Since the 1930s, however, small family farms have been on the decline, and many of these reasons are clearly directed at [sic] government intervention in the market. The wartime draft, inflation in the 1970s and '80s but most of all the regulations created by the FDA and USDA, which are destructive to small farms while only a minor inconvenience to Big Agriculture, which has the money, lawyers and lobbyists to deal with any government conflicts.
Remember that local farm recently promoted by the JS and even Moochie Obama?
Well, memories may be all you have in the near future:
...Community Supported Agriculture (CSA) can make a huge difference in getting the poorest Americans access to healthy foods.
CSA has exploded in the last few years, from fewer than 100 in the early 1990s to close to 1,500 according to the New York Times. To many sociologists who aren’t hell bent on wealth redistribution, CSA may be a free market answer to America’s growing health epidemic.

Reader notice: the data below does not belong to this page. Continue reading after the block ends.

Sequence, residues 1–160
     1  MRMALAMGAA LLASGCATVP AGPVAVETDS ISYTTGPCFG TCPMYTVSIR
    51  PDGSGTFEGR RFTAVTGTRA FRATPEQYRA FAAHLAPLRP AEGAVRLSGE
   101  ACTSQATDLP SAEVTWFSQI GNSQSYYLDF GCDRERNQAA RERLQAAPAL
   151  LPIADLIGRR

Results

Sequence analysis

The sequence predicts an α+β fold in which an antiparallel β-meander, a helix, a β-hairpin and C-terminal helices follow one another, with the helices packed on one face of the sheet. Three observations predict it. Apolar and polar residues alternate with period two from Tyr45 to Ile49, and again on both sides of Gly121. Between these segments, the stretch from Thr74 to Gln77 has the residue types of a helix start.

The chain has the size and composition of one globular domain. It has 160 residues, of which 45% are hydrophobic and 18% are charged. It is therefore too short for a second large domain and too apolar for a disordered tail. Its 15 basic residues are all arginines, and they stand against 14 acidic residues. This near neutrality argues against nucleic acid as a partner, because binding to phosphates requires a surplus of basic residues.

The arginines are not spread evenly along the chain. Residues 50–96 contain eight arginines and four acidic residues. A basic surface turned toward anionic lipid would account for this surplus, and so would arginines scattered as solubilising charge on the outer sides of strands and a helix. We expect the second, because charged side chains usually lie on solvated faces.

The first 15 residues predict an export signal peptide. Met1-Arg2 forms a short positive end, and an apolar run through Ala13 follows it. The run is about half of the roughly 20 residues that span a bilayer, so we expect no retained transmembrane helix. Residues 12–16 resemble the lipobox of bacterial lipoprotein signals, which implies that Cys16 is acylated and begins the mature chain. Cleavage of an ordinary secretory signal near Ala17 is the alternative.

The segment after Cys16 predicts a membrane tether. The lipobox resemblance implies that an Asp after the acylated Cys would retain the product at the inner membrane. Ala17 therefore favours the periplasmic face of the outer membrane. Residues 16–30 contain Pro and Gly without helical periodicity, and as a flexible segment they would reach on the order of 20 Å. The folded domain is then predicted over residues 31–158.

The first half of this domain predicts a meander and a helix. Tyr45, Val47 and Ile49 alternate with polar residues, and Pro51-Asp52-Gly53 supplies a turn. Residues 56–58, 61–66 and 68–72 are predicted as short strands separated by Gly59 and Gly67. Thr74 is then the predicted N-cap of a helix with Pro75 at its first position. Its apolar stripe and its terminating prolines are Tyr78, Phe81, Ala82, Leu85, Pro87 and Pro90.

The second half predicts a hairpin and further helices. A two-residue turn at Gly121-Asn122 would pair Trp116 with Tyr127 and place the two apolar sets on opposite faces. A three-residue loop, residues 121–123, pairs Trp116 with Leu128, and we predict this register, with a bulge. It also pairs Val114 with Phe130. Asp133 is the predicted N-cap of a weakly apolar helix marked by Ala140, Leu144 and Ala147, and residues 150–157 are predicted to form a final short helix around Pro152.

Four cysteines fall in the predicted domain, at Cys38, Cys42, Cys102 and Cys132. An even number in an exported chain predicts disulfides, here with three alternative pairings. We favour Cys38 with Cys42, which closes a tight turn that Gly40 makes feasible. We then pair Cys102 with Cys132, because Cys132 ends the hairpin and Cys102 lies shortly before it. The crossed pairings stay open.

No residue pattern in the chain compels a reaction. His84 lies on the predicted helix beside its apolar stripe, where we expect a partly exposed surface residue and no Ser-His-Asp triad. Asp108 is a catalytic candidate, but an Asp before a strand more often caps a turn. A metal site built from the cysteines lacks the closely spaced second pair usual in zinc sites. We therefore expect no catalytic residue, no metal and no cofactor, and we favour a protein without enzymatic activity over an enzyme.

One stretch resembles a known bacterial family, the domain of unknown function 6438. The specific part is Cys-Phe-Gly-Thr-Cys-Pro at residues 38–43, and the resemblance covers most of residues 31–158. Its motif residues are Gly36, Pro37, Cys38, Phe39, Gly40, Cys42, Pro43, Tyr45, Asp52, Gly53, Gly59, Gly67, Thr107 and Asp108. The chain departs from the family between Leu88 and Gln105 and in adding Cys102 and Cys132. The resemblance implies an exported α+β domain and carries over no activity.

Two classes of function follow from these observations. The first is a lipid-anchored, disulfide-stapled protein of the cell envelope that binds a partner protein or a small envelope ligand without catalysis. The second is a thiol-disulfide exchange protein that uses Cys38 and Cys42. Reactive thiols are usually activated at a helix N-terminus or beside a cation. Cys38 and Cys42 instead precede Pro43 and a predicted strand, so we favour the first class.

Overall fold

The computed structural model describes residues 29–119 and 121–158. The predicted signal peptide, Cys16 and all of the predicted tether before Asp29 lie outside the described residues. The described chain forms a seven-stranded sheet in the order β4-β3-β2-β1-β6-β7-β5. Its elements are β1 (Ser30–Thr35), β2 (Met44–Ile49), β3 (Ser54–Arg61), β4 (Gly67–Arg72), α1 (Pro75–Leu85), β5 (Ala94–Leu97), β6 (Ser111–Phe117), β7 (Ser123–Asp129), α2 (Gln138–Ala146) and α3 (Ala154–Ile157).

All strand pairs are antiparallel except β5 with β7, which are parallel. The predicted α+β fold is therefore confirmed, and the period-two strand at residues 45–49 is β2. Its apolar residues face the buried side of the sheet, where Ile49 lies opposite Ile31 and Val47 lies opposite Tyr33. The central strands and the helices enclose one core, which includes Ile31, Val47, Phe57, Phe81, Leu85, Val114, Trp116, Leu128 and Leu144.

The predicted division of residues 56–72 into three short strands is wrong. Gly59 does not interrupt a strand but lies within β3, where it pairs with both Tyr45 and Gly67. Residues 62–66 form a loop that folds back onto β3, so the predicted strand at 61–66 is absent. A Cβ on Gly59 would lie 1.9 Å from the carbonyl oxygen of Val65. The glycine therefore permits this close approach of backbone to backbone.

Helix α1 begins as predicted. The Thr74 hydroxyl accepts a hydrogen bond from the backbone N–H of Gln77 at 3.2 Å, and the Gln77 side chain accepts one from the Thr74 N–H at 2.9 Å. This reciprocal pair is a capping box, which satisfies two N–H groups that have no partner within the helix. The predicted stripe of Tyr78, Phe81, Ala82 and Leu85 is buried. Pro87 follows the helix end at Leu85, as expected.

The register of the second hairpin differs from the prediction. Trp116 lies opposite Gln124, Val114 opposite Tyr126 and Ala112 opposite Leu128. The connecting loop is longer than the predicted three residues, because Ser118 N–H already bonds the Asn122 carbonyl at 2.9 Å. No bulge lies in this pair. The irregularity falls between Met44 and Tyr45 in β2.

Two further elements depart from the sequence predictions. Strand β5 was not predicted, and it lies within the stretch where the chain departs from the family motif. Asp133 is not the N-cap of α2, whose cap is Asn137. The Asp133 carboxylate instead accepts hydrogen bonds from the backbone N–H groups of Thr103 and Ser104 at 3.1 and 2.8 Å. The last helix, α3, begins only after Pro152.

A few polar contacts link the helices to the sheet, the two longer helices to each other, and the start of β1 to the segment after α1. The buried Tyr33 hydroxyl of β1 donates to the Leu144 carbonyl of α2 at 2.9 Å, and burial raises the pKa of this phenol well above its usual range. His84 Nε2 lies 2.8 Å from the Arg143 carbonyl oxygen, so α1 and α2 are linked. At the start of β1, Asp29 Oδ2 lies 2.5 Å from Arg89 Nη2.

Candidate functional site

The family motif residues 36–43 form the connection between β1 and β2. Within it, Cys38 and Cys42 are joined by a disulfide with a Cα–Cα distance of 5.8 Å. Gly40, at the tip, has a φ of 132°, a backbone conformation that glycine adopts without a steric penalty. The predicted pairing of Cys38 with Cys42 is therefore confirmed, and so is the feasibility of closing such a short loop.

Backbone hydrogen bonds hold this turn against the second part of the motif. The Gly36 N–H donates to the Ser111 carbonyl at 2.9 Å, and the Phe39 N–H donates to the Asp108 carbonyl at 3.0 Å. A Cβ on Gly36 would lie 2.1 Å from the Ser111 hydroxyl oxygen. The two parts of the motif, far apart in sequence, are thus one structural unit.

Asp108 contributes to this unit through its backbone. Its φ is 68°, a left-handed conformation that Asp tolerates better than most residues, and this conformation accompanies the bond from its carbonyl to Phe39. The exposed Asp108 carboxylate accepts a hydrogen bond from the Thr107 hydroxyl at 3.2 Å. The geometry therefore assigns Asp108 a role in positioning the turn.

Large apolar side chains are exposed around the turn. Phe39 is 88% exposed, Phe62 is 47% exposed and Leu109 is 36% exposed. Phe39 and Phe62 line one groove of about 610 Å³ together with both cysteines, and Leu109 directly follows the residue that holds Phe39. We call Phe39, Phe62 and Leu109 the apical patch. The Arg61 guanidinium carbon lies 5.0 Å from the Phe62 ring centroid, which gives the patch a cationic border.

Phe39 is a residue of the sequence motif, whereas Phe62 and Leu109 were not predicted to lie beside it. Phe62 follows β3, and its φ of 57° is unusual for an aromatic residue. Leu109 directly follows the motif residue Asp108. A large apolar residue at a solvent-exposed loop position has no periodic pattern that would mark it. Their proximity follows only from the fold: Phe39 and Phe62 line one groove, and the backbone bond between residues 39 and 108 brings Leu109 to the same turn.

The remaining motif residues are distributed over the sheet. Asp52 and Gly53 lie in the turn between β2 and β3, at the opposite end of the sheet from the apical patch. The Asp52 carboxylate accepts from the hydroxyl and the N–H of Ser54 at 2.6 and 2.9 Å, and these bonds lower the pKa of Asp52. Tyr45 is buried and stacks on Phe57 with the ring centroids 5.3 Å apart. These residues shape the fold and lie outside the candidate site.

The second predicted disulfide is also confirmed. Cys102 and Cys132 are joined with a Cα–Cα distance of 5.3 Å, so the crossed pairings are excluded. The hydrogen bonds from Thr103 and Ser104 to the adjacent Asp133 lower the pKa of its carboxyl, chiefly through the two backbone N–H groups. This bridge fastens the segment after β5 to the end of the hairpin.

That is until 2009 when President Obama signed into law the Food Safety and Modernization Act. The bill was in response to Big Agriculture’s reckless food production, which caused an e-coli breakout throughout the US. It expands the FDA’s authority over both processed food and fresh fruits and vegetables on all farms that make more than $500,000. It was lobbied for by Kellogg and Grocery Manufactures of America and was opposed by local food enthusiasts like the National Sustainable Agriculture Coalition and The Farm-to-Consume Legal Defense Fund. While it seems a necessary evil for larger expansion of government agencies to protect the safety of American’s food, the new law is another case of a Big Government and Big Business in cahoots. As Tim Carney of the Washington Examiner writes of the law, “This is big government: It trashes traditional ways and local, small business in favor of one-size-fits-all rules that prop up the big guys… Obama’s legislative agenda really serves the companies with the best lobbyists.”It is useful, once again, to bring up SUBSIDIARITY, a/k/a the 10th Amendment. There's no reason that the Feds are involved in most of this; the State of Wisconsin (or of Colorado, or Texas) could--and DOES--monitor food-sources. They could do just fine for the vast majority of regulated products.